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By July 17, 2020No Comments

An operating performance assessment of Lloyd’s reflects the expectation that Lloyd’s will produce strong technical performance over the underwriting cycle and that capital will continue to be attracted to the market, says AM Best.
The global credit rating agency says that technical performance is subject to volatility due to the nature of the business underwritten, and since 2017, the market has experienced higher-than-average catastrophe losses and lower favourable prior-year reserve releases.

Adjusted for average catastrophe experience, recent technical performance has been outside AM Best’s expectations for the strong assessment. However, AM Best expects that improving market conditions and robust remedial actions by the Corporation of Lloyd’s and individual managing agents will support further incremental improvements in the attritional accident-year performance over the next three years.

The market’s expense ratio continues to be higher than that of its peers. Actions are currently being taken through the Future at Lloyd’s initiative to reduce the cost of placing business at Lloyd’s, the benefits of which should start to be realised over the short-term.

AM Best has affirmed the Financial Strength Rating of A (Excellent) and the Long-Term Issuer Credit Ratings (Long-Term ICR) of “a+” of Lloyd’s (UK), Lloyd’s Lloyd’s China and Lloyd’s Brussels. Concurrently, AM Best has affirmed the Long-Term ICR of “a” of Society of Lloyd’s and the Long-Term Issue Credit Ratings of “a-” on the GBP500m ($628m) 4.750% subordinated loan notes maturing 30 October 2024 and on the GBP300m 4.875% subordinated notes maturing 7 February 2047. The outlook of these Credit Ratings is stable.

Capitalisation

The ratings reflect Lloyd’s balance sheet strength, which AM Best categorises as very strong, as well as its strong operating performance, favourable business profile and appropriate enterprise risk management.

The Lloyd’s market benefits from its risk-adjusted capitalisation being at the strongest level, as measured by Best’s Capital Adequacy Ratio. Capital adequacy is supported by a robust risk-based approach to setting member-level capital and a strong Central Fund, which is available to meet the policyholder obligations of all Lloyd’s members.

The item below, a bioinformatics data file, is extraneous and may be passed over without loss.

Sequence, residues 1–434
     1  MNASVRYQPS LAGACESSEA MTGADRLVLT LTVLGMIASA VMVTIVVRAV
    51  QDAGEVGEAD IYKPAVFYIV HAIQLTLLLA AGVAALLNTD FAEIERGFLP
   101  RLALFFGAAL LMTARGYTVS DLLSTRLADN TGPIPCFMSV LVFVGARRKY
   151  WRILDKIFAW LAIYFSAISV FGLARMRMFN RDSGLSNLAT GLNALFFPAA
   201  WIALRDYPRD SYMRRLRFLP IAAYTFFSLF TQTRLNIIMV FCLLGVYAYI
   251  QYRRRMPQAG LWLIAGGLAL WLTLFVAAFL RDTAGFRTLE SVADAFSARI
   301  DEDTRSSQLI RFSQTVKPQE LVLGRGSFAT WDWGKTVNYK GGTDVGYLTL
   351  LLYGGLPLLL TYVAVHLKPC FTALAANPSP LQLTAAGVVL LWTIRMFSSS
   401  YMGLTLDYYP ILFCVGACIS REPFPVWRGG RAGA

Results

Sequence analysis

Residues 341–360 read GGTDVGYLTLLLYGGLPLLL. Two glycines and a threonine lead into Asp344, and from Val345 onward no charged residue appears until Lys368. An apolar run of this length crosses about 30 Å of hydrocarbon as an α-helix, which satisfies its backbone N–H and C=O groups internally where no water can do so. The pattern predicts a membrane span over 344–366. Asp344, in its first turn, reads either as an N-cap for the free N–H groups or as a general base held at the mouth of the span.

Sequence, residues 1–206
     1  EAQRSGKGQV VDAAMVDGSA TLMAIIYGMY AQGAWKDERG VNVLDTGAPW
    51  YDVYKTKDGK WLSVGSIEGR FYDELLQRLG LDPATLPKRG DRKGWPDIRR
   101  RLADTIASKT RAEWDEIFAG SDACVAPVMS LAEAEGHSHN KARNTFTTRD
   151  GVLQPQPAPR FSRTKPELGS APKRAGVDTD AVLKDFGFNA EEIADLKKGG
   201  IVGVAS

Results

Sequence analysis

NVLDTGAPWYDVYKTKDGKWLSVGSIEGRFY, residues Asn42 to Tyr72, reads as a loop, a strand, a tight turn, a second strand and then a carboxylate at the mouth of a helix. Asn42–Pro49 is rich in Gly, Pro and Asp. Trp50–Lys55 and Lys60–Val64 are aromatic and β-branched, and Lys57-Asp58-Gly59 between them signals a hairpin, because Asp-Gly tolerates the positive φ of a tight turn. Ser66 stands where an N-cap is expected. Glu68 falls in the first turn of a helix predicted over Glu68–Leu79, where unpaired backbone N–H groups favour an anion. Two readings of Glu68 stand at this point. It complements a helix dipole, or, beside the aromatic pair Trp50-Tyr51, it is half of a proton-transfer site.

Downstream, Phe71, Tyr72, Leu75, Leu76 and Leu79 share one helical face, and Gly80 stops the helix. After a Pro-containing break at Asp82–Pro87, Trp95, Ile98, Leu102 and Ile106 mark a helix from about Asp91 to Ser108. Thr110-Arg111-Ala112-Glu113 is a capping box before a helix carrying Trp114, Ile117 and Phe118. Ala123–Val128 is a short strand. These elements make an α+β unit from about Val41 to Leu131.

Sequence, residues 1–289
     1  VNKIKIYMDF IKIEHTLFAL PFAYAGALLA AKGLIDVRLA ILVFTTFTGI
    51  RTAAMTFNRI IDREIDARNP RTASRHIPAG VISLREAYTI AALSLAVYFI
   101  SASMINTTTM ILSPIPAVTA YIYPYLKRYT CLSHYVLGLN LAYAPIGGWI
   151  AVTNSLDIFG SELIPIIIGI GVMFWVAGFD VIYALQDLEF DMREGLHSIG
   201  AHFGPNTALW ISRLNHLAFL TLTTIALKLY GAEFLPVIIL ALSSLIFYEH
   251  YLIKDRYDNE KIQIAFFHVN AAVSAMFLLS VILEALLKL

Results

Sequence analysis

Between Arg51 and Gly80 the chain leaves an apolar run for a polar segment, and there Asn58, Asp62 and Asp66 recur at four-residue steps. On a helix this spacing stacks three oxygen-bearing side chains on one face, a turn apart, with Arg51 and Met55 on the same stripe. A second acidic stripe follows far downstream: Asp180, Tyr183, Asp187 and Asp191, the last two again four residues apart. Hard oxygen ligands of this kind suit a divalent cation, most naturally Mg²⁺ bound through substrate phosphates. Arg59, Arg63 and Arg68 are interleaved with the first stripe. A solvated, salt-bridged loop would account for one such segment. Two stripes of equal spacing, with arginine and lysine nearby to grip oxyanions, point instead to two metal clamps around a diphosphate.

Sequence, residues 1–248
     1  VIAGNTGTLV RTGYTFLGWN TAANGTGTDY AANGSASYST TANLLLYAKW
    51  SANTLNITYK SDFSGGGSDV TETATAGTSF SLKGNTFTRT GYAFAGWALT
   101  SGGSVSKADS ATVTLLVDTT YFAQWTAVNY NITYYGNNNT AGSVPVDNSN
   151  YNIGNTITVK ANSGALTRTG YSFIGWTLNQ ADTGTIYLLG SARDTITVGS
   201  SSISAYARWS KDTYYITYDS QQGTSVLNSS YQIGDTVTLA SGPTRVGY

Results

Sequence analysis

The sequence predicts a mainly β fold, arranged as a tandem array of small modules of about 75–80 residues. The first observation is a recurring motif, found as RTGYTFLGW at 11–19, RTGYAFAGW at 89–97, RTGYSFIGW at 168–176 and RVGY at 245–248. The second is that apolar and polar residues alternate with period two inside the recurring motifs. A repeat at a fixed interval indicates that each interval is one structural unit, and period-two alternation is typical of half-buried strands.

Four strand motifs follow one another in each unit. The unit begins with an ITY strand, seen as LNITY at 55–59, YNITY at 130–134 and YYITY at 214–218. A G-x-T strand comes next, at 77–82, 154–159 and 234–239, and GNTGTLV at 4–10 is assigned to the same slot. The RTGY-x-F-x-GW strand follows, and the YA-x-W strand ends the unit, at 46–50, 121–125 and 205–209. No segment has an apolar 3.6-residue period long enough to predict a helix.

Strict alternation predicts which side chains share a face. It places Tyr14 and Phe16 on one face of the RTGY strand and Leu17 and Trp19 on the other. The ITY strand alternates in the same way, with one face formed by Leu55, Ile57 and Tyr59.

AM Best’s assessment of the balance sheet strength of Lloyd’s takes into account the fungibility constraints of capital held at the member level and the market’s good financial flexibility, which is enhanced by the diversity of its capital providers.

The market’s exposure to catastrophe risk is an offsetting rating factor. However, the requirement for members to replenish their funds at Lloyd’s to meet their current underwriting liabilities, as part of the “coming into line” process, partly mitigates the potential for volatility in risk-adjusted capitalisation due to operating losses. Despite losses associated with the coronavirus pandemic, risk-adjusted capitalisation has been stable as member-level capital has been replenished in line with expectations.

Business profile

The business profile assessment reflects the strong position of Lloyd’s in its core markets, as a leading writer of reinsurance and specialty property/casualty insurance. Lloyd’s has an excellent brand in these markets, which are currently experiencing improving market conditions. The market’s business mix is well-diversified but with some geographical bias toward North America and product bias toward moderate to high-risk commercial specialty lines.

Ratings

The ratings of Lloyd’s China and Lloyd’s Brussels reflect reinsurance support from Lloyd’s in the form of quota share contracts between Lloyd’s and the syndicates participating on the China and Brussels platforms.

The rating of the Society is notched from the rating of the Lloyd’s market, reflecting the unique relationship between the Society and the Lloyd’s market, which means that the ability of the Society to meet its obligations is inextricably linked to the ability of Lloyd’s to meet its obligations.

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